As described above, according to the color measuring apparatus of this embodiment, the color temperature of the light emitted by the flash tube Xe can be controlled in a wide range with high accuracy. Accordingly, the number of monitoring photosensors can be reduced.

The color measuring apparatus measures the reflectances by using light components reflected from the sample 60 as shown in FIG. 28(a), but it may perform its function by measuring a transmittance by using lights which have been transmitted by the sample 60 as shown in FIG. 28(b).

According to the flashlight emission apparatus, the color temperature of the light emitted by the flash tube is controlled by changing the pulse width of the gate pulse signal. Accordingly, the turn-off time of the switching element can be shortened, so that the overemission amount, that is, amount of the flashlight emitted by the flash tube Xe during the turn-off operation is small and gets constant. Thus, according to the present invention, the color temperature of the light emitted by the flash tube can be controlled at a constant value.

The emission amount calculating means provided in the flashlight emission apparatus in accordance with the above embodiment calculates the emission amounts detected by the photosensors by means of the emission amount accumulating means and compares the accumulated emission amount with a specified emission amount. Based on the result thus compared, the number of times of emissions of the flash tube is controlled by the control means. Accordingly, the light amount per emission can be made to be constant, which allows an effective control of the total amount of the light emitted by the light source.

According to the flashlight emission apparatus of the present invention of the above embodiment capable of controlling the number of times of emissions of the flash tube Xe, the color temperature calculating means calculates the color temperature difference between a color temperature of the light emitted by the flash tube and a specified color temperature based on the emission amounts of the flashlight in at least two wavelength regions detected by the photosensors. Further, the pulse width of the gate pulse signal to be subsequently outputted is controlled by means of the correlation table stored in the memory according to the calculated color temperature difference. Therefore, the color temperature of the light emitted by the flash tube can be controlled to have the specified color temperature. Further, since the flashlight emission apparatus is capable of carrying out a stable emission by the use of the insulated-gate bipolar transistor (IGBT), the number of monitoring parts can be reduced. Accordingly, the flashlight emission apparatus can be manufactured at a low cost.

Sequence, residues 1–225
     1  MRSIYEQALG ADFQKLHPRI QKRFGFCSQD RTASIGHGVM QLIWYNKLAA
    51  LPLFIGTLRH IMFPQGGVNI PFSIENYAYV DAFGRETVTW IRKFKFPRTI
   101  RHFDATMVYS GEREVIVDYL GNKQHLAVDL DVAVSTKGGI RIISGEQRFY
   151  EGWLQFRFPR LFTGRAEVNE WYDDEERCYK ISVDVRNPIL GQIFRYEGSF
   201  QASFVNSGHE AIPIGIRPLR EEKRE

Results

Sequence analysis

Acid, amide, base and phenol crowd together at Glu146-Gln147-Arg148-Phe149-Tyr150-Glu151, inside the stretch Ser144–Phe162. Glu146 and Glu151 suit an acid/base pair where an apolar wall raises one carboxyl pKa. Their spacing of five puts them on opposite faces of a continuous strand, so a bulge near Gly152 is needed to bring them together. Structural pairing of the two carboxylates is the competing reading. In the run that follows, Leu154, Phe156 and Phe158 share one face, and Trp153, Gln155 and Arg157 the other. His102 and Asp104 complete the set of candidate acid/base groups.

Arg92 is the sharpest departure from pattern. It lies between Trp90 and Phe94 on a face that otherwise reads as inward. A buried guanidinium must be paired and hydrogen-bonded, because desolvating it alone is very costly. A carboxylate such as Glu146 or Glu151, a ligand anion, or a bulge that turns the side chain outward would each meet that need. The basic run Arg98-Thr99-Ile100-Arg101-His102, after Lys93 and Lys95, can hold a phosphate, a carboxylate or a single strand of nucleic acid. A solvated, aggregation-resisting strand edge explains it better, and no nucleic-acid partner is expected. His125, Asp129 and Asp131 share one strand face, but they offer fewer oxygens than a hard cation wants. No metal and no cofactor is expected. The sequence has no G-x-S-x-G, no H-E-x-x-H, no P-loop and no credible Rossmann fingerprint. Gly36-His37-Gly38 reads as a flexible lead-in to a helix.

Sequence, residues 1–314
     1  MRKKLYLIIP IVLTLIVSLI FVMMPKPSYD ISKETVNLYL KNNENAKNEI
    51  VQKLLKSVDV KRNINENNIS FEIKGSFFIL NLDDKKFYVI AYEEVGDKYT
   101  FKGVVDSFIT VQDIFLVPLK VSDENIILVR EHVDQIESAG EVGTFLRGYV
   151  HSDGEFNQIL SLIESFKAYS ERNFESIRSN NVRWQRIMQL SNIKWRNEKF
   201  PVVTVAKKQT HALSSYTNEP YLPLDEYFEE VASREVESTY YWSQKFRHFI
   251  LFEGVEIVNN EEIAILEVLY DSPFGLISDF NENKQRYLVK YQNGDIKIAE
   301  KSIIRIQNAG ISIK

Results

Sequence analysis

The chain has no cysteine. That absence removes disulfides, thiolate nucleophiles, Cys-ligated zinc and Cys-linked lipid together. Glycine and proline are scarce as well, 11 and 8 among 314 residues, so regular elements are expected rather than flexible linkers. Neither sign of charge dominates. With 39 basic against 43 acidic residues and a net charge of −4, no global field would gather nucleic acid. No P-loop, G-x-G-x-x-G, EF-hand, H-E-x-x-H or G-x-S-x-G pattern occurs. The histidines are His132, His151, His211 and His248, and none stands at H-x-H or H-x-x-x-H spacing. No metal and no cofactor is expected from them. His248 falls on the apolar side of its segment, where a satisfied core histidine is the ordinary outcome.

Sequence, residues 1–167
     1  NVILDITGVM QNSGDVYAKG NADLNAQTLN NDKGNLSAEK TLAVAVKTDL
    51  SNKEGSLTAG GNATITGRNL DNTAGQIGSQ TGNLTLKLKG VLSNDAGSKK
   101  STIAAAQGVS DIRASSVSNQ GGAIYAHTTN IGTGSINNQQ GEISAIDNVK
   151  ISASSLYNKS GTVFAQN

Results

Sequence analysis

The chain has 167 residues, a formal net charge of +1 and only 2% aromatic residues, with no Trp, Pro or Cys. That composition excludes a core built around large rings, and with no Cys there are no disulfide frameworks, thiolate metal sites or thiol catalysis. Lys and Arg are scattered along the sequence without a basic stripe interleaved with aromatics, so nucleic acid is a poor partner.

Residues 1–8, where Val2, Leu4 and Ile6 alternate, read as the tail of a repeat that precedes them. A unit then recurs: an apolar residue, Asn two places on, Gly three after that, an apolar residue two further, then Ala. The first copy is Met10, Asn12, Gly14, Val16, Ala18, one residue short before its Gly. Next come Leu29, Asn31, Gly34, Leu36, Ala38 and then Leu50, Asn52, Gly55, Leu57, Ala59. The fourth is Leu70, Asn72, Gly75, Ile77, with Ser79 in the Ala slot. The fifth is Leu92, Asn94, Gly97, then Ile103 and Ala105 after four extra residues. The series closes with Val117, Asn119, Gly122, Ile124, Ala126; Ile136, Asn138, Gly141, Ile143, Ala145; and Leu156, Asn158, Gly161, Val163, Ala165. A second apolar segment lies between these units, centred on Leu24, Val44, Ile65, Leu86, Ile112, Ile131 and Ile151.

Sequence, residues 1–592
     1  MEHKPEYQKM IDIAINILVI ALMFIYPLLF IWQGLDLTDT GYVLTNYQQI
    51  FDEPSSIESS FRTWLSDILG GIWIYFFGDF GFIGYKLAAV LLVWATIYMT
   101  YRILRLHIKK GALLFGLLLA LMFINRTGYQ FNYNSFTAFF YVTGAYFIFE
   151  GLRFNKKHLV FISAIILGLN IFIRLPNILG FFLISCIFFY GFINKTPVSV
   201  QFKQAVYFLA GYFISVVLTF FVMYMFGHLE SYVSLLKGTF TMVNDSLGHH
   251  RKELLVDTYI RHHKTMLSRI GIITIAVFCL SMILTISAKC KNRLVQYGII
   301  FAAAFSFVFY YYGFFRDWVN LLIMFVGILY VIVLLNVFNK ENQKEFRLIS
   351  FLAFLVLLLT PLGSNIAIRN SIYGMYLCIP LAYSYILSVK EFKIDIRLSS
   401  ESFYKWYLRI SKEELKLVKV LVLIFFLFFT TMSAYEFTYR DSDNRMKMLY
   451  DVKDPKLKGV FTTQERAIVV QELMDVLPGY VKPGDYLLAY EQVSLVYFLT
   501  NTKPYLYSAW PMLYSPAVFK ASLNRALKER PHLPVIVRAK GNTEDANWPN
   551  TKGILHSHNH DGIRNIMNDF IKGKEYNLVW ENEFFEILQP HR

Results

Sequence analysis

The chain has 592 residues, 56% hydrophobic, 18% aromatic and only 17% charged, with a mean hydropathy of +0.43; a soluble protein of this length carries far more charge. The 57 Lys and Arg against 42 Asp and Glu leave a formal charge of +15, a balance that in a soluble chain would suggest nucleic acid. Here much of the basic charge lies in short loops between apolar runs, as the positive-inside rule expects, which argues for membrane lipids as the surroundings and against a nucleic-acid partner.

Since the charge voltage control means of the flashlight emission apparatus in accordance with the above embodiment can change the voltage to be applied to the main capacitor, the color temperature of the light emitted by the flash tube Xe can be set to a specified color temperature by controlling either the voltage to be applied to the main capacitor or the pulse width of the gate pulse signal, or both. Accordingly, the color temperature can be controlled in a broad range with high accuracy.

Since the gate voltage control means of the flashlight emission apparatus in accordance with the present invention changes the voltage of the gate pulse signal, controlling of the color temperature of the light emitted by the flash tube Xe is effected by controlling the voltage of the gate pulse signal, the pulse width thereof and/or the charge voltage of the main capacitor. Accordingly, the color temperature can be controlled in a wider range with high accuracy.